08 March 2009

The Future of Newspapers: Information as Private Property?

Amid the death knells sounded recently for the newspaper business, here's a comment from a business-oriented magazine that endorses the conventional wisdom that the medium's only future is online, but with the caveat that publishers must find a way to establish property rights to the information they gather in order to survive. The author suggests that making news free on web sites is undermining newspapers' only hope, but notes that "monetizing" information will certainly meet resistance from Internet users who insist that "information wants to be known." Publishers and editors are already arguing asserting a kind of labor theory of value, pointing out that "information" only comes into being through arduous research and reporting, and that the people who do the investigation are entitled to property rights and proper compensation for their trouble. The article ends with a harsh warning that the demise of newspapers would create a vacuum most likely to be filled by a state-run news service -- something to be abhorred. That sounds like scaremongering, since TV would still be out there, but the author clearly wants to shock online readers out of their complacency.

Many newspapers have already tried pay-for-access online, and most retreated back to free access before the latest steep drops in advertising revenue forced them to reconsider. Charging a fee makes sense if only because you have to pay for the print version of the paper already. The problem the first time was that publishers never made pay-for-access a universal policy. I don't know if there's any governing body that could do so, though I suppose it would go a long way if the Associated Press and other wire services insisted on the policy. Newsgathering has always depended upon the patronage of paying readers, so the idea that the Internet could become a news medium that could match newspapers' resources simply on the basis of ad revenues is really a myth.

Even if publishers succeed in monetizing news, the online marketplace differs dramatically from any locality where print editions are sold. In a typical town a local paper competes with papers covering the same general area, along with major regional papers (those from New York City in my case) and the national papers (USA Today and the Wall Street Journal). By comparison, the Internet is a free-for-all, with every paper in the country and many around the world competing for readers' loyalty. If a user must choose whom to pay, he may decide based on his interest in purely local news, or if his interests are broader, he'll more likely decide based on political affinity, subscribing to a "liberal" or "conservative" publication. The result could be a further polarization of public opinion, with the emergence of national online "papers" with indelible ideological stamps on them, and more people ignoring opposite points of view if they prefer exclusively partisan content to the print medium's customary mix of viewpoints. That would be unfortunate, but it might be the only way that publishers survive. If so, the burden will be on someone to come up with better ideologies, and better ways to sell them.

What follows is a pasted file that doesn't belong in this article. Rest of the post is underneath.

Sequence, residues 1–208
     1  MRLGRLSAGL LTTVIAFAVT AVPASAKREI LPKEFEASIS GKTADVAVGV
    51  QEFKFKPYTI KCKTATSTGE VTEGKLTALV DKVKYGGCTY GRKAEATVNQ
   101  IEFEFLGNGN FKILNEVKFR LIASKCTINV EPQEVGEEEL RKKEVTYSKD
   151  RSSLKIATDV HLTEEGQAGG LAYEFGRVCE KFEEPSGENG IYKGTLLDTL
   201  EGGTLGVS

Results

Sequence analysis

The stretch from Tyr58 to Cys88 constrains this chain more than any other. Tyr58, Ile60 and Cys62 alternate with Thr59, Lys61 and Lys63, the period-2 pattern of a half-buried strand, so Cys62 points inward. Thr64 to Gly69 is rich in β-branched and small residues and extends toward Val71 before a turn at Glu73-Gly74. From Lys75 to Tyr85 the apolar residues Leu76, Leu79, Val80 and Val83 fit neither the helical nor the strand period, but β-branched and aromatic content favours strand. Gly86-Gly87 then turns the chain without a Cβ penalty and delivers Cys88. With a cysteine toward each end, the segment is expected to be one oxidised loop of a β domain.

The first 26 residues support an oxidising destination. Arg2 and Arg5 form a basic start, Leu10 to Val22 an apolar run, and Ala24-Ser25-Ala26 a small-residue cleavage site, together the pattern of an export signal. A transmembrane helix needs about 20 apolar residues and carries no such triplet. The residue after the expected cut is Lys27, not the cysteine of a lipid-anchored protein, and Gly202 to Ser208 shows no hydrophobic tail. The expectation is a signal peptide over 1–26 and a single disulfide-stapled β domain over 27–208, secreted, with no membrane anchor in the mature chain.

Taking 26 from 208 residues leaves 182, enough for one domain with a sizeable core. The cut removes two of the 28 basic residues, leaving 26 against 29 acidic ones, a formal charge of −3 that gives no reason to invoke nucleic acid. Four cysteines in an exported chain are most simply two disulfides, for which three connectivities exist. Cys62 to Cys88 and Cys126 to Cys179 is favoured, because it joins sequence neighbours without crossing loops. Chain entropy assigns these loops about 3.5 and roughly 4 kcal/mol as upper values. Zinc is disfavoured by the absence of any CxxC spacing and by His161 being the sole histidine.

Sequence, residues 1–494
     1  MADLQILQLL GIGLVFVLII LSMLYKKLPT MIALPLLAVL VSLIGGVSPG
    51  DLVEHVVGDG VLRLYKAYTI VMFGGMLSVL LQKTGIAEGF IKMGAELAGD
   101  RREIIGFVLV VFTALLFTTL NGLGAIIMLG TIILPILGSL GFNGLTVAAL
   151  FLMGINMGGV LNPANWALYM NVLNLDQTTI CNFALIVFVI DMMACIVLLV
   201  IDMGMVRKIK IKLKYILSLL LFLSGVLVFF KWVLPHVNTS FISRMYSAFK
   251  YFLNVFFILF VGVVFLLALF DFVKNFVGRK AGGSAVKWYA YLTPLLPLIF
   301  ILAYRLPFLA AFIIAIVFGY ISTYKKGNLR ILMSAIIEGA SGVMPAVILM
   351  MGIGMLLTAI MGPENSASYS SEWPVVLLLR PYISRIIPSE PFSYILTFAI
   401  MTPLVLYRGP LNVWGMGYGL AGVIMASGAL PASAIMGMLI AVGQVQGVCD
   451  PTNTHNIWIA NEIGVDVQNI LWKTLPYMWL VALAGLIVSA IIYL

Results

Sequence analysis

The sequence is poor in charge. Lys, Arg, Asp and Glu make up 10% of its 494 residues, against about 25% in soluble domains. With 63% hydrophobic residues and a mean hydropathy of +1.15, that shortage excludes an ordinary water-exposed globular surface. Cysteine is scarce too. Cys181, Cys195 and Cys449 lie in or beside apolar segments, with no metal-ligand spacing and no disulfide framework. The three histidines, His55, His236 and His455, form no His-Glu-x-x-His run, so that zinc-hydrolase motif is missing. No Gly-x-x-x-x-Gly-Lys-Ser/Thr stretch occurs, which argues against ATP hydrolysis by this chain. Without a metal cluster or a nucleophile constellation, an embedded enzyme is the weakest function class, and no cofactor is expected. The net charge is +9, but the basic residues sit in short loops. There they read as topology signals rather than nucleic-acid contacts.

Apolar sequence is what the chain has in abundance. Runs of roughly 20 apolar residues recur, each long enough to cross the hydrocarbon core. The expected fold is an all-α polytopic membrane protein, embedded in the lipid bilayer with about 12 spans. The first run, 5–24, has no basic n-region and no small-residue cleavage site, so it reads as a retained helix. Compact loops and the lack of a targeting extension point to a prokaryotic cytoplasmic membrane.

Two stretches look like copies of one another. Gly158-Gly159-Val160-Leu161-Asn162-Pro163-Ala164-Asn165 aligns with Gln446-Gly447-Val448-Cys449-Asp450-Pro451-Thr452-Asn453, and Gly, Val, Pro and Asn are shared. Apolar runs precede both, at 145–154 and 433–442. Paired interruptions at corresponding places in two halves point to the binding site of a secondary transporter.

3 comments:

Crhymethinc said...

Perhaps the future lies not in putting newspapers online, but in journalists themselves banding together to form websites where their stories are available for a price/download. Get rid of editors, get rid of publishers. Which means local advertisers who can't afford tv/radio and are too old fashioned to be bothered with the 'net will be looking for old-timey broadsheets to advertise themeselves in.

hobbyfan said...

Or: a collective of bloggers pooling resources together on every available topic. If the newspaper as we know it goes the way of the Edsel, then we're one step closer to the Orwellian vision of a dystopic future. Not a fun thought.

Samuel Wilson said...

"Bloggers" is probably too broad a term, since most of us live off what reporters produce. A reporters' cooperative, perhaps built on the skeleton of any remaining writers' union, might have a chance of pulling this project off. The next question would be whether all the reporters could agree on an editorial point of view, or whether they'd aspire to the 20th century model of "objective" reporting despite the skepticism of the 21st century.